This study analyzed standardized assessments about chronic disease patients who tried medical cannabis in the UK and Channel Islands. The authors measured health-related quality of life, anxiety, and sleep quality among patients with various diagnoses. It was published in the journal Expert Review of Clinical Pharmacology in February 2023.
2,833 patients from the UK Medical Cannabis Registry were assessed from December 2019 to February 2022 at baseline, 1, 3, 6, and 12 months; although just 208 completed the final 12-month follow-up. Patients were enrolled if they were prescribed medical cannabis for ANY condition and used oil, capsules, lozenges, or dried flower based on physician recommendations.
The patients' average age was 42. 43% were women, 57% were men. 31 different patient primary conditions were recorded - the top 4 were:
- Chronic non-cancer pain (32%)
- Anxiety (11%)
- Fibromyalgia (11%)
- PTSD (6%)
Approximately 30% of the patients used only oral or sublingual administration (tincture) and about 24% only vaporized dried flower. A combination of the two methods was prescribed to most patients (38%).
Participants completed the following standardized assessments to measure changes:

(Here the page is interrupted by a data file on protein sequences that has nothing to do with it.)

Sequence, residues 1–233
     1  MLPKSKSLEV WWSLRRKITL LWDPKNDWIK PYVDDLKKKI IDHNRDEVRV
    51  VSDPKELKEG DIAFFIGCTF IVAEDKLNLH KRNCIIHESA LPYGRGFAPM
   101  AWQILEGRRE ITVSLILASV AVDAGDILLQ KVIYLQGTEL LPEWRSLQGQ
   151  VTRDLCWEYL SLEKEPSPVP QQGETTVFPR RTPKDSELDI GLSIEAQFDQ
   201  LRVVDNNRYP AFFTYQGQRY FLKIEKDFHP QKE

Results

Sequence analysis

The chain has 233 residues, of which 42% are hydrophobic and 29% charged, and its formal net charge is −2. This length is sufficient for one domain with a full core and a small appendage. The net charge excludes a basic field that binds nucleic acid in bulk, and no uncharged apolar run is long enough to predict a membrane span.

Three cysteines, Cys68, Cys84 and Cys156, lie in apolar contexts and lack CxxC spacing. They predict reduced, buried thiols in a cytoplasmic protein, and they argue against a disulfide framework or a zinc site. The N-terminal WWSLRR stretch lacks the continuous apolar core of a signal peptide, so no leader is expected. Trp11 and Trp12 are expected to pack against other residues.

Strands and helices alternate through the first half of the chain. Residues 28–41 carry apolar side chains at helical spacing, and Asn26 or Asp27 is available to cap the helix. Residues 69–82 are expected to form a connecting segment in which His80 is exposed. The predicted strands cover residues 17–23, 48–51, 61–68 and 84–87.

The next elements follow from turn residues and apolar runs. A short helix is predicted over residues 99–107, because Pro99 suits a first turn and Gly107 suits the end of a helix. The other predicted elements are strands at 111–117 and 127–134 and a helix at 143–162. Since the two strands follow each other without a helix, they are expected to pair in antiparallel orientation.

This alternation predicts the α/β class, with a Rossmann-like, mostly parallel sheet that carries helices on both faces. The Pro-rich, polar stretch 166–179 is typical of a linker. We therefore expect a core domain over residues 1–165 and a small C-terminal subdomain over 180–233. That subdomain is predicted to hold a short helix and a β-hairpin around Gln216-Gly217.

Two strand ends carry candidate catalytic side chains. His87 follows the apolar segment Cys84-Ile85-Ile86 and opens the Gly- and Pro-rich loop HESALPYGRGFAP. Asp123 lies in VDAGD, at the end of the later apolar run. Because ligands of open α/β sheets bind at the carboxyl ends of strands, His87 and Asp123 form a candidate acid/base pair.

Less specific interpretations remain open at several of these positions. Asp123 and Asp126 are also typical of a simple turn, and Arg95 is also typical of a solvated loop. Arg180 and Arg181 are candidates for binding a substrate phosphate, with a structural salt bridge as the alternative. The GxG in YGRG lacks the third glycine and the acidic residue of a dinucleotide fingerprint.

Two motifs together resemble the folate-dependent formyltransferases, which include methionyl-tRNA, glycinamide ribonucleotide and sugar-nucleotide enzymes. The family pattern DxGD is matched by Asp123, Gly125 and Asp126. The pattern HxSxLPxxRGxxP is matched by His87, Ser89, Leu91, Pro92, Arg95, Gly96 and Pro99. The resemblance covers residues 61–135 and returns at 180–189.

- the EQ-5D-5L to assess health-related quality of life
- Generalized Anxiety Disorder-7 (GAD-7) questionnaire to measure anxiety severity
- the Single-item Sleep Quality Scale (SQS) to rate sleep quality
The greatest improvements were seen between the 1 month and 3 month assessments. The 6 and 12 month outcomes showed no additional improvement over the 3 month improvement level. 17% reported adverse events, however the vast majority of those adverse events were mild. Fatigue and dry mouth were the most common. Adverse events were more common in women and patients who had never tried cannabis.
The authors' conclusions:
This study suggests that CBMPs [cannabis-based medicinal products] are associated with an improvement in health-related quality of life in UK patients with chronic diseases.
Treatment was tolerated well by most participants, but adverse events were more common in female and cannabis-naïve patients.
The full text article is here at Taylor & Francis Online.